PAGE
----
Standards

Let’s start with the obvious disclaimer: I think chaimail bikinis are silly. They’re a silly cliche that was ridiculous and sexist when D&D was created in the mid-70s and just as ridiculous when Red Sonja first appeared in comics (at roughly the same time). Now, almost forty years later, it’s hilariously inappropriate. Depictions of women in the game aren’t getting any better, and might even be getting worse.

But that’s not what this is about. This is about the dungeon punk aesthetic of D&D and gaming. It was fine for one campaign setting (Eberron) but seems less suited to the game as a whole. But much of the art of D&D (and a little bit of Pathfinder) has embraced an over-the-top look to armour and weapons.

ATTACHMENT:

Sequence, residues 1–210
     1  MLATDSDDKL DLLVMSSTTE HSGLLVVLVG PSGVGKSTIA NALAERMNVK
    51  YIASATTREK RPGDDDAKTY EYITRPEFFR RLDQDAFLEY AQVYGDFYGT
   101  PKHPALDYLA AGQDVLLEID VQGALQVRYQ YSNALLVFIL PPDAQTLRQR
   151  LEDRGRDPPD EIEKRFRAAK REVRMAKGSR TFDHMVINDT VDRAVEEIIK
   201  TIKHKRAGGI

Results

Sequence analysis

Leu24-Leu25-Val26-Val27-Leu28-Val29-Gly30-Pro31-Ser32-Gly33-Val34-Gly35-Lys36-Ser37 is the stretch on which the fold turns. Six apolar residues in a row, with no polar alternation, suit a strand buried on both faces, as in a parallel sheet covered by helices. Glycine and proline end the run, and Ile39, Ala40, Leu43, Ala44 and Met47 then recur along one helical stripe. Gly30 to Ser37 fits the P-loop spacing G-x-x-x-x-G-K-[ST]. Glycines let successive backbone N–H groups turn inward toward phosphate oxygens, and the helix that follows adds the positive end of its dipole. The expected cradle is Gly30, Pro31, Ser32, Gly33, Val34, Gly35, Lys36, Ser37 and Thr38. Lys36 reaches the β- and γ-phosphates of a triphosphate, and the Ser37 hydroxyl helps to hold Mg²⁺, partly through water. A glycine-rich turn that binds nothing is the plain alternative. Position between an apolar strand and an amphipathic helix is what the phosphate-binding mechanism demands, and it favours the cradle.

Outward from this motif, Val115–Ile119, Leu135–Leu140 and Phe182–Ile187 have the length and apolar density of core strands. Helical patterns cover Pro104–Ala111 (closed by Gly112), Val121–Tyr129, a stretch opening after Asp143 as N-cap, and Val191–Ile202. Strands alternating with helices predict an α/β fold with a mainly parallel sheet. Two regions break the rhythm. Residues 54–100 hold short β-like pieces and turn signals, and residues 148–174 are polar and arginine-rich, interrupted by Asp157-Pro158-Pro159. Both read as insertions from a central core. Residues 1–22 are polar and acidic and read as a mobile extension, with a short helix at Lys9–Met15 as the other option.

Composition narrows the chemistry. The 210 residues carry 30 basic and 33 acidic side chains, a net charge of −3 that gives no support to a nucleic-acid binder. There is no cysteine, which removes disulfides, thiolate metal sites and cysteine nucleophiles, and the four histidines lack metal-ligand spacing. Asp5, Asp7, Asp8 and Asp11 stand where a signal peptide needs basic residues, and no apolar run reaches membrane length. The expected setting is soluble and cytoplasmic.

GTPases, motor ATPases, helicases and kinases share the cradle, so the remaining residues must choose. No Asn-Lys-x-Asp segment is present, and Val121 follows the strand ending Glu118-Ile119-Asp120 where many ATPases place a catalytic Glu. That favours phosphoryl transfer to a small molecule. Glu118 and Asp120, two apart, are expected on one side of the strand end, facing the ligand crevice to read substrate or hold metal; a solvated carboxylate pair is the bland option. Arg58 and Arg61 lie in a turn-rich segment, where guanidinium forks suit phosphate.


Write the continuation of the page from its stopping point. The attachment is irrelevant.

Some of this is Wayne Reynold‘s ascendency to the position of Grand Poobah of gamer artists. With his being the go-to art style for both games, his personal aesthetic carries a lot of weight. Some of the dungeon punk chic is also the result of a desire to push away from adherence to realism and historical armour to a more stylized and fantastic design. To many gamers, the Tolkien style has becomes a tired old cliche and they want D&D to look new and modern. But to me, the dungeon punk look always reminds me a little of ’90s comic books, where all the character designs got a little more needlessly complicated with leg pouches, chains, spikes, and overly large guns.

I guess I’m saying Wayne Reynolds is the Todd McFarlane of D&D (to Larry Elmore’s John Romita Sr.).